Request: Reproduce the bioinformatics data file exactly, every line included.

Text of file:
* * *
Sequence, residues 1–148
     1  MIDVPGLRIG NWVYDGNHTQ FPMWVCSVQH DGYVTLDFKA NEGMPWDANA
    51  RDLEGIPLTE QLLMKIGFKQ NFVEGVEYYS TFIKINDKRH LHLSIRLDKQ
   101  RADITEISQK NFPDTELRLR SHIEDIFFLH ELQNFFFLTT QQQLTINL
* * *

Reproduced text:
Sequence, residues 1–148
     1  MIDVPGLRIG NWVYDGNHTQ FPMWVCSVQH DGYVTLDFKA NEGMPWDANA
    51  RDLEGIPLTE QLLMKIGFKQ NFVEGVEYYS TFIKINDKRH LHLSIRLDKQ
   101  RADITEISQK NFPDTELRLR SHIEDIFFLH ELQNFFFLTT QQQLTINL